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Sunday, February 07, 2010

Peer review, mere review, and smear review

Andrew Sibley here discusses a thoughtful article by Fred Pearce in the Guardian (02 February 2010) on the climate change scandal, an article which had also been mentioned to me by a kind reader recently. The article takes a critical look at peer review, a well-justified critical look in my view.

I have written about the problem with peer review here, and would recommend Frank Tipler's paper on the subject.

The basic problem is that the peer review process, intended to enforce quality, can end up enforcing mere orthodoxy or, worse, mediocrity. Or worst of all, as in the now-famous climategate e-mails, it can lead to a classic "bunker" mentality.

I would be inclined to treat all science-based dissent as legitimate. The mere fact that some scientists cannot replicate others' work or support their conclusions is not evidence of incompetence or dishonesty. It may lead to useful corrections or valuable new information.

Of course, if someone claims that climate change is caused by space aliens, an evil plot by a minority group, or proof that Jesus is coming again soon, I would say, please, this is not science. Science is about evidence from nature.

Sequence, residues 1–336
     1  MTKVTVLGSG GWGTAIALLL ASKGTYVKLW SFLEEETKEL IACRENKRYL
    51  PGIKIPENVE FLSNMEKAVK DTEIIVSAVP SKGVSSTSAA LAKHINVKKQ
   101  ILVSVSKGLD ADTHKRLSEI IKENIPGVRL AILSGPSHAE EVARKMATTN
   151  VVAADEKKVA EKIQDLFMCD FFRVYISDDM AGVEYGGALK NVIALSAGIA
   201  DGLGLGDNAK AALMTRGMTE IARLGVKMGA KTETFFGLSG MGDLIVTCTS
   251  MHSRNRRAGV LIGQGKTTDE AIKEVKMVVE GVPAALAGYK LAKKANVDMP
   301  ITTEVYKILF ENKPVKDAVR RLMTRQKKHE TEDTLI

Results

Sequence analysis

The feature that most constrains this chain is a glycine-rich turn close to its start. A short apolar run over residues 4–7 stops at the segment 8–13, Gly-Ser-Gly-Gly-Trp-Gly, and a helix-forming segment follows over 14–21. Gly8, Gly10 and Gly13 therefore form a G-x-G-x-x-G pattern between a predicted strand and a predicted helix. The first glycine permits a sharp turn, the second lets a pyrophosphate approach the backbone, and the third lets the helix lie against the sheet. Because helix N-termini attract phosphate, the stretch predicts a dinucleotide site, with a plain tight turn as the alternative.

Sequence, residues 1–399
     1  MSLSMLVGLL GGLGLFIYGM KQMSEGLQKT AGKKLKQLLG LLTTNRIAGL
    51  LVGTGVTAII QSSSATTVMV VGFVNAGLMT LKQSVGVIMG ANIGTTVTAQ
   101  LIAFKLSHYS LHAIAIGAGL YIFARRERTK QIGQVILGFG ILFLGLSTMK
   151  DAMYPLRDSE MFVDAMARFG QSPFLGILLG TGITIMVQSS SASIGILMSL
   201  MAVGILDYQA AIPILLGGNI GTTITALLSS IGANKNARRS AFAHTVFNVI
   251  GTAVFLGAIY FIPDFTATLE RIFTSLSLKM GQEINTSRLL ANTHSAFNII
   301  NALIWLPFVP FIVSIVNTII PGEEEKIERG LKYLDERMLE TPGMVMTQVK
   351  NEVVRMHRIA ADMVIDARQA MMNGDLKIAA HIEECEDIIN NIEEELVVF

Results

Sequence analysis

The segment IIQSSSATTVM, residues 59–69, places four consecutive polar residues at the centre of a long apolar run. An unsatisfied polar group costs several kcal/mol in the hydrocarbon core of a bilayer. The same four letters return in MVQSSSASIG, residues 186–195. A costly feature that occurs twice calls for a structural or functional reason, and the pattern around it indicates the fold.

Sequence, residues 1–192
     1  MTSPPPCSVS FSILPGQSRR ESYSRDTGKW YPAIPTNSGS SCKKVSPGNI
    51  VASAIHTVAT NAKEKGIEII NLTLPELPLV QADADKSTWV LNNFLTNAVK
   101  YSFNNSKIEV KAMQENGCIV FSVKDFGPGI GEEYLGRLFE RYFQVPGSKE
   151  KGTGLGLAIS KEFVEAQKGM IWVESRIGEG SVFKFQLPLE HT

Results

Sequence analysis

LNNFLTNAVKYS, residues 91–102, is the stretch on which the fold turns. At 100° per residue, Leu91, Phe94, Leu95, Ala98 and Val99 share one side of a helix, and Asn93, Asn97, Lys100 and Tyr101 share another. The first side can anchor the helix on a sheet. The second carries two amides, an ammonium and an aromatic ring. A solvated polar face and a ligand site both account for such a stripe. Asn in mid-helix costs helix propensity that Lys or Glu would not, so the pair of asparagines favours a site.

I was trying to remember recently what peer review reminded me of, and then I suddenly remembered:

For some time, politicians in my country have tried to prevent interest groups from publishing the opinions of politicians about controversial issues during an election. All the parties voted for that. Of course they voted for it! They piously informed the public that their policy prevented wealthy special interests from hijacking the election.*

But that was nonsense. What the policy really did was guarantee that politicians could keep off the table issues that no party wanted to tackle, even though much of the electorate wanted the politicians to tackle them.

Peer review can function the same way. It can simply prevent the publication of problematic data that the current establishment in science does not want to tackle.

*This problem of wealthy special interests could be dealt with simply by requiring any participant to identify the funders within the ad itself. If it turned out to be Microsoft or Ford or McDonald's, well, anyone smart enough to find their way to the polling station without falling down a hole somewhere would consider the possible motives.


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